All are welcome to attend this early, speculative attempt to bring together the study of China with nascent research on the history of the neoliberal era. The talk seeks to expand the traditional focus on the internal crises of “the west” in the 60/70s by looking at parallel developments across the Asia-Pacific region in the post-war period through the 1980s. First, Liu will examine early 1980s experiments with rural, labor-intensive industrialization in Guangdong Province, powering the rise of China’s eventual export-driven industry; second, he will connect this local story to broader changes in Hong Kong and east Asia as a whole, simultaneously revisiting older literature on the “east Asia miracles” and the “four small tigers of Asia” in preceding periods; finally, he will argue that it is useful to pay greater attention to Asian history as the context for the global rise of “flexible accumulation” in processes of manufacture, labor, and corporate organization, a story now familiar to social-scientific literature on late-century globalization. Register here.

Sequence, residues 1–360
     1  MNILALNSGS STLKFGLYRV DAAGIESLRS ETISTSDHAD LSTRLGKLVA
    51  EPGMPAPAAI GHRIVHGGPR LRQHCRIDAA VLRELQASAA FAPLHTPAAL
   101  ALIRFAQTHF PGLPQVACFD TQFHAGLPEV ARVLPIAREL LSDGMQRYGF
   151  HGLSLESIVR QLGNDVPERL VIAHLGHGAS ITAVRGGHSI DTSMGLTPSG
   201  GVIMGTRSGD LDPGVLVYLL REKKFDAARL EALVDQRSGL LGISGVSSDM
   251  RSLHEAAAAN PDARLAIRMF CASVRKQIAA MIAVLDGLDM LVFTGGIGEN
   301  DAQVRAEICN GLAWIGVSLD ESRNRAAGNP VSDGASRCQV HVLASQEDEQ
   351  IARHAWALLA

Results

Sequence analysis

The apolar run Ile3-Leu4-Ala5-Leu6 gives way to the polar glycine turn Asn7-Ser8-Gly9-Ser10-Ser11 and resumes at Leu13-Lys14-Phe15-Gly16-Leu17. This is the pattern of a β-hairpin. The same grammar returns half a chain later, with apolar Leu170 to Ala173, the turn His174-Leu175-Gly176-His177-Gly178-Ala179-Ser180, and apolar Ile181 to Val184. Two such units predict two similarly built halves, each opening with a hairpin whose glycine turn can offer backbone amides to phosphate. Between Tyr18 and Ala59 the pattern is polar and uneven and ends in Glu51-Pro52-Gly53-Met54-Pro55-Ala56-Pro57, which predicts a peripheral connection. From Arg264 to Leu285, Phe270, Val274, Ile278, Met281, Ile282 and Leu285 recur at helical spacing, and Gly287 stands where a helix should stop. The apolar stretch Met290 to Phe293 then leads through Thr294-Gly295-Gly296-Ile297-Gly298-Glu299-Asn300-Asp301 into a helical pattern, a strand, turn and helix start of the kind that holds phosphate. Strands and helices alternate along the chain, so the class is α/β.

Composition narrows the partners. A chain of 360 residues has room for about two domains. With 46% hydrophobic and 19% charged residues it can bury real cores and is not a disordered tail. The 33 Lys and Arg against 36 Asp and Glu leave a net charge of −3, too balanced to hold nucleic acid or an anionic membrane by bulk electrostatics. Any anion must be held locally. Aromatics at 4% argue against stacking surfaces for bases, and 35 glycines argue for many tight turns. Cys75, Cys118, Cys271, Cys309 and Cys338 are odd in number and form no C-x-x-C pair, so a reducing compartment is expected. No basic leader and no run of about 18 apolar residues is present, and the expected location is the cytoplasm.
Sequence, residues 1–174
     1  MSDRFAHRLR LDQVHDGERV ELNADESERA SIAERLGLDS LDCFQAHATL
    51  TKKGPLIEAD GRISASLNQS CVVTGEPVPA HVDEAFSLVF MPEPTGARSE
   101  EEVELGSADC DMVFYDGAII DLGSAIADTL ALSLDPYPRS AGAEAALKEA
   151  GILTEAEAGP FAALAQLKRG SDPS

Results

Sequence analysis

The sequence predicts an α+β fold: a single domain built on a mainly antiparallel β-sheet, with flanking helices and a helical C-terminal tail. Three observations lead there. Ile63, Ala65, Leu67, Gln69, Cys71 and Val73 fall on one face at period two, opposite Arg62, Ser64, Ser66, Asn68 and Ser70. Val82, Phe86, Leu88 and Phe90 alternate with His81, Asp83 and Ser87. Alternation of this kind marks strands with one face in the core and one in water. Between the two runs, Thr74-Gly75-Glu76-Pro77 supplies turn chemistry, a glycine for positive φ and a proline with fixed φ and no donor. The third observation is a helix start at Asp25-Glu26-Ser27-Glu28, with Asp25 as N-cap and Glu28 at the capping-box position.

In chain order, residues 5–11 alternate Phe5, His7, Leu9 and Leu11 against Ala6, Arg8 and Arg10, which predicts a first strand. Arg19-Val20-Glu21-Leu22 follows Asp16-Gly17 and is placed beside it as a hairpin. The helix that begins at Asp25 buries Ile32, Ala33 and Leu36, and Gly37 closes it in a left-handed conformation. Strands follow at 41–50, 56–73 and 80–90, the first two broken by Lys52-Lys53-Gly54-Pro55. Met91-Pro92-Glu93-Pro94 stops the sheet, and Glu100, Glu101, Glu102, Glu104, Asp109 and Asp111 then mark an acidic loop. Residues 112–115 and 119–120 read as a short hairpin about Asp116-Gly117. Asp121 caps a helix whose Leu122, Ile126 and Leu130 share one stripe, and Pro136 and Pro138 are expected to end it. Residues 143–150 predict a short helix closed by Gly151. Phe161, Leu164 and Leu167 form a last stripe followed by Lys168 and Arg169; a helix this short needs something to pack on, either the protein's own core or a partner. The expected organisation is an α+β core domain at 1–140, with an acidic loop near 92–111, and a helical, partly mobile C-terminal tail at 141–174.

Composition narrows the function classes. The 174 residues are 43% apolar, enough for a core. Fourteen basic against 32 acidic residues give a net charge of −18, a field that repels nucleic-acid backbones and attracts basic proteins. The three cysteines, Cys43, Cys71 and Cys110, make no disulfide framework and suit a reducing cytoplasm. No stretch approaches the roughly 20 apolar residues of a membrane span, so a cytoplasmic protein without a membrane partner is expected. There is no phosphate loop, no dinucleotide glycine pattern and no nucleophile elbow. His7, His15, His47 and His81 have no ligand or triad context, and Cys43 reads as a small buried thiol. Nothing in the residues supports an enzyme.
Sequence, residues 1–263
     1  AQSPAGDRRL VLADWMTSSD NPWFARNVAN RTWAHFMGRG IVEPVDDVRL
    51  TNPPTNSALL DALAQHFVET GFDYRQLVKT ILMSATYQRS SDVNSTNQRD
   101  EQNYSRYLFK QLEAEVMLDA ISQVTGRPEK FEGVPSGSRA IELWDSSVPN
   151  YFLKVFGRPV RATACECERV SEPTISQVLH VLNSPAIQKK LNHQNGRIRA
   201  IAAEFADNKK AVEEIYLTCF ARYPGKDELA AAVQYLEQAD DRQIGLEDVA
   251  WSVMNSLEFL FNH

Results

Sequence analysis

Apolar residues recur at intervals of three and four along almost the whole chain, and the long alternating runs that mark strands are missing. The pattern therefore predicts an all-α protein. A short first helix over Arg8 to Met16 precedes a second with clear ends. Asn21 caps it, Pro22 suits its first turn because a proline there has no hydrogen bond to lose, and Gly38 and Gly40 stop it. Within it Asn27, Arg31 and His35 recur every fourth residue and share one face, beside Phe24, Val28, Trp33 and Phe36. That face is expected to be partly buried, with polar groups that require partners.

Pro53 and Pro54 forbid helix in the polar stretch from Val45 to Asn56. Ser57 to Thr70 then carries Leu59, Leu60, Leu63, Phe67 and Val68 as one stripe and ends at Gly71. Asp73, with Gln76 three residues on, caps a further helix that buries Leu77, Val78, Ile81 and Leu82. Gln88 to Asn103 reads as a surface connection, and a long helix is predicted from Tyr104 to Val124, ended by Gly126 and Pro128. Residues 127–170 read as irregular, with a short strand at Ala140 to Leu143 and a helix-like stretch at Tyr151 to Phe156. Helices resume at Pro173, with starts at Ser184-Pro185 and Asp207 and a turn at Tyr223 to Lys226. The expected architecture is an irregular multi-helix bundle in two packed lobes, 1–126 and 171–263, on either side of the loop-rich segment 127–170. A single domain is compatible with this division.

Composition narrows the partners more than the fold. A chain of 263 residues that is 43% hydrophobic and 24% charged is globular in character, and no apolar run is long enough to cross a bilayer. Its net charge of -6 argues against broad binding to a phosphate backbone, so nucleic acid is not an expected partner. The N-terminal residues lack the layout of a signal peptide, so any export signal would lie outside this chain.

About the Speaker: Andrew Liu is an Assistant Professor of History at Villanova University, near Philadelphia. He is the author of Tea War: A History of Capitalism in China and India, which was published by Yale University Press in 2020.
About the Discussant: Xudong Zhang is Professor of Comparative Literature and East Asian Studies at NYU and the founding director of the International Center for Critical Theory (ICCT). He has published widely on critical theory and transcultural comparisons of Chinese and European modernities.